I recently read Sam Allberry's revised and expanded edition of Is God Anti-Gay? And Other Questions about Homosexuality, the Bible and Same-Sex Attraction. The book opens with Allberry sharing his own struggles with same-sex attraction, something that he has struggled with since he was a teen. He notes that he was introduced to God through Christian friends around the same time that he was admitting to himself that he was homosexual.
I liked how straight-forward he is in the introduction, "God's message for gay people is the same as his message for everyone. Repent and believe. It is the same invitation to find fullness of life in God, the same offer of forgiveness and deep, wonderful life-changing love." I agree wholeheartedly that everyone--every man, every woman, every boy, every girl--needs the same gospel message or invitation. We all need to hear the gospel; we all need to repent and believe; we are all equally in need of grace and redemption.
He continues, "what Jesus calls me to do is exactly what he calls anyone to do." He then shares Mark 8:34 which reads, "Then he called the crowd to him along with his disciples and said, 'Whoever wants to be my disciple must deny themselves and take up their cross and follow me.'" He reminds his readers "EVERY Christian is called to costly sacrifice. Denying yourself does not mean tweaking your behavior here and there. It is saying "no" to your deepest sense of who you are, for the sake of Christ. To take up a cross is to declare your life (as you have known it) forfeit. It is laying down your life for the very reason that your life, it turns out, is not yours at all. It belongs to Jesus. He made it. And through his death he has bought it."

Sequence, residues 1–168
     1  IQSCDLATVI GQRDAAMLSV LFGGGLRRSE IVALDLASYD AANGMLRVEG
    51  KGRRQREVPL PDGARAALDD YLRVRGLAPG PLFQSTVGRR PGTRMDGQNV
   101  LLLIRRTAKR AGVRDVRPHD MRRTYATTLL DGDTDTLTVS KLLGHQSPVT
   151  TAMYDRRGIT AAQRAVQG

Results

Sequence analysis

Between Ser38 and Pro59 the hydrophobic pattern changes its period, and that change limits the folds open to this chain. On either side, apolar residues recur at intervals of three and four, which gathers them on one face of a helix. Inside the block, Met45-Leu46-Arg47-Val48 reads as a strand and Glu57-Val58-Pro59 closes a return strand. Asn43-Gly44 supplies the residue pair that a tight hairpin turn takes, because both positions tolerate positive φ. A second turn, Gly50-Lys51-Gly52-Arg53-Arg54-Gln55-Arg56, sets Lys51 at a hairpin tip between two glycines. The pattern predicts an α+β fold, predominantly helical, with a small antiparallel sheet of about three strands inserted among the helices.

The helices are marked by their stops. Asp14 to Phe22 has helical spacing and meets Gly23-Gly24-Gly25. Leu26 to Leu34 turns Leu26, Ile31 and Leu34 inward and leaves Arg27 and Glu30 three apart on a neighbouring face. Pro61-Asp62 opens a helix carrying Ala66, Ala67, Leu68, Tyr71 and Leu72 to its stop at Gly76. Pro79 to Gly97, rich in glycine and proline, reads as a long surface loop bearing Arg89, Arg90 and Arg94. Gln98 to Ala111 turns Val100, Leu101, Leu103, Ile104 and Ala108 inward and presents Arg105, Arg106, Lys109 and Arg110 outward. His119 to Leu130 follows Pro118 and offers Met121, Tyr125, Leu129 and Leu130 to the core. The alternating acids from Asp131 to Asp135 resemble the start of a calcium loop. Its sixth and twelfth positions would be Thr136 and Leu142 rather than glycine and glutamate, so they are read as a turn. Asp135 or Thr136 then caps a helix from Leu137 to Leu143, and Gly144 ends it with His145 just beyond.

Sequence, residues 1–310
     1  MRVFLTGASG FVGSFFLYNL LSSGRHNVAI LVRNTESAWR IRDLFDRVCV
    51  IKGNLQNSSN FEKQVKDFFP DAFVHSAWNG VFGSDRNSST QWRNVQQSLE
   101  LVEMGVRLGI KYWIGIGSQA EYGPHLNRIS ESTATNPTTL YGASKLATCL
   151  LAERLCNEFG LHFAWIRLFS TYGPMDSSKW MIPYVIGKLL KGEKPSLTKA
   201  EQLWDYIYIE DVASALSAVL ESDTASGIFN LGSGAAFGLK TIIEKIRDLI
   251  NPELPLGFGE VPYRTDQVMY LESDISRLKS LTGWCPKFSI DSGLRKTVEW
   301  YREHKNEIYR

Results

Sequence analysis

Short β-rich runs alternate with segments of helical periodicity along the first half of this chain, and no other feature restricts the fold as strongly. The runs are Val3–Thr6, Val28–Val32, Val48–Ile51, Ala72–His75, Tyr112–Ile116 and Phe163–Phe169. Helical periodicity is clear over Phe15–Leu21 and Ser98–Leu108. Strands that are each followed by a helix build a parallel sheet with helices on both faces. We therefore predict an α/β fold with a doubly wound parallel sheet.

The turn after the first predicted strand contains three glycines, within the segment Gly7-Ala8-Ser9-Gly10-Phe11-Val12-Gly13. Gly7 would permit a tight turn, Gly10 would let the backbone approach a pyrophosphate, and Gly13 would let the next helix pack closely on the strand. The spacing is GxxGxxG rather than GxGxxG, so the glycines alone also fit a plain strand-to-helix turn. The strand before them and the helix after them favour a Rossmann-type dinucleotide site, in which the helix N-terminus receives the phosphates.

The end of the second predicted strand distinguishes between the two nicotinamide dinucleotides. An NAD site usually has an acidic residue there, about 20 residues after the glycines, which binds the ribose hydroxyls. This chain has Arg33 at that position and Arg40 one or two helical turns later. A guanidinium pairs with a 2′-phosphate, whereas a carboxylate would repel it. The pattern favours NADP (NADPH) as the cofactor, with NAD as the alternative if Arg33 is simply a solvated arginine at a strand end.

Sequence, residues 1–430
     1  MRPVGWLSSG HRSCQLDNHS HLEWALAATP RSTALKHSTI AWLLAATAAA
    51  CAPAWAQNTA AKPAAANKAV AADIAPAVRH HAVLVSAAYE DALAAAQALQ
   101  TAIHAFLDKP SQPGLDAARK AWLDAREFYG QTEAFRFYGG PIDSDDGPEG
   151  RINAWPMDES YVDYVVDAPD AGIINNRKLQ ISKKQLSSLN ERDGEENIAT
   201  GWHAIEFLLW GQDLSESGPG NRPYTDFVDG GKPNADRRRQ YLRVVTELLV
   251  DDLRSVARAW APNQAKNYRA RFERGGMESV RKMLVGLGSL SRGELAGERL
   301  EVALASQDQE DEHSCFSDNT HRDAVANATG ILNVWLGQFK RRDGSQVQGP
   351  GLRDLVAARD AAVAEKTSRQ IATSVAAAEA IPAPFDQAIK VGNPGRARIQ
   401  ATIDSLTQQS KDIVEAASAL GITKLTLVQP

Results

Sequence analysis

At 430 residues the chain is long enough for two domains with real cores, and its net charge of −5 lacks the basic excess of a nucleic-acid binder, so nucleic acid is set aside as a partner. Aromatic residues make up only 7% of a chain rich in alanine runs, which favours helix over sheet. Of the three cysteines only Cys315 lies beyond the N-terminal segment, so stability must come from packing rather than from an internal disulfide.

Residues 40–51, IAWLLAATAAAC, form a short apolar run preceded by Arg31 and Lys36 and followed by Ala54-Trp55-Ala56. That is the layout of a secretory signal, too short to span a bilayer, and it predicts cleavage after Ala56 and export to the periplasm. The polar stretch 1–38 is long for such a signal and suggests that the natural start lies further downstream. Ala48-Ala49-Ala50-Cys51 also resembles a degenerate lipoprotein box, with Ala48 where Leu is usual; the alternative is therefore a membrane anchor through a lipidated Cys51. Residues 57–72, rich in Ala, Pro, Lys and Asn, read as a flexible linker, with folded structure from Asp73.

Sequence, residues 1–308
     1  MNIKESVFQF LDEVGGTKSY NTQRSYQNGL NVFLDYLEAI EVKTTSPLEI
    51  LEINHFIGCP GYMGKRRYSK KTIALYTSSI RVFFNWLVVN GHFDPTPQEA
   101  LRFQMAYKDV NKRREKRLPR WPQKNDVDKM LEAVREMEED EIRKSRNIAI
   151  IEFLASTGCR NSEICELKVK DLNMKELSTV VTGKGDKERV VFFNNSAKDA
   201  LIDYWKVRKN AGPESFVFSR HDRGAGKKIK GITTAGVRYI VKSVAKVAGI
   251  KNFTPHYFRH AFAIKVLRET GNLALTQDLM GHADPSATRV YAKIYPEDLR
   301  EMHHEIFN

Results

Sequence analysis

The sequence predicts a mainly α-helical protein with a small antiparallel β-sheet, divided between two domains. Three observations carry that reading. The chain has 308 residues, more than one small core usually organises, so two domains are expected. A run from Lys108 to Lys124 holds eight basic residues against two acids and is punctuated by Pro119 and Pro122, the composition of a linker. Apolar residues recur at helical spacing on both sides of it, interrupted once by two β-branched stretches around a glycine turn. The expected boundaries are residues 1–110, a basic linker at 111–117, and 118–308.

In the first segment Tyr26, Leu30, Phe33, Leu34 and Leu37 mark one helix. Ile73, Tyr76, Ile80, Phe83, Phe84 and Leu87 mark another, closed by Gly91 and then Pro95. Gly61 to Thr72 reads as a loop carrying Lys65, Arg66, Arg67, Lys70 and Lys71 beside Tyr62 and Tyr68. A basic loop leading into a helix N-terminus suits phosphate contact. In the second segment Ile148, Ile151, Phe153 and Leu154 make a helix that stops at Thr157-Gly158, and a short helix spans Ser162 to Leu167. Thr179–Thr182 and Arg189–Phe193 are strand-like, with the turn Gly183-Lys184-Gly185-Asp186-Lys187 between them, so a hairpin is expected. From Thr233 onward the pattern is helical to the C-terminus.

I would say if the book is making one point, it would be this: The whole Bible is relevant for all. One shouldn't lift five or six verses from the Bible that are "about" homosexuality as if that is all the Bible has to say for the gay person. These passages should never be taken out of context of the whole Bible message--the whole gospel message. The gospel is MORE important than any one passage "about" the sinfulness of homosexuality.
Does the book go passage by passage or verse by verse through those verses specifically about homosexuality? Yes, it does. But it also stresses in almost every chapter, that the gospel is what is key, what is needed. It is Jesus that is needed, not condemnation or judgment. There is a time and place to address homosexuality, but, people need to hear the good news that Jesus loves them, that Jesus died for them, that God is bigger and greater than their sins and desires.
For example, he writes:
Sometimes there is a danger of Christians thinking that a gay couple needs to be confronted with their sexuality almost the moment they walk through the [church] door; that this needs to be talked about immediately and the couple told what the Bible's teaching is on the whole issue. This is simply not the case...my initial concern is for them to know they are welcome and that we are glad to have them with us, and for them to come under the sound of the gospel through the church's regular ministry. Another way to put this is to say that I would rather start at the center and work outwards, than start at the edge and work in. The center is the death and resurrection of Christ. That is where God reveals himself most fully. That is where we see his glory most clearly. It is also where God most clearly shows his love, righteousness, power and wisdom. This is what I most want people to know--for them to be bowled over by the God of the cross and resurrection. And, once they are gripped by this, to help them think through what trusting in this God will involve--what will need to be given over to him.
The book provides food for thought for individual Christians to consider and also for churches as a whole, as a body.
© Becky Laney of Operation Actually Read Bible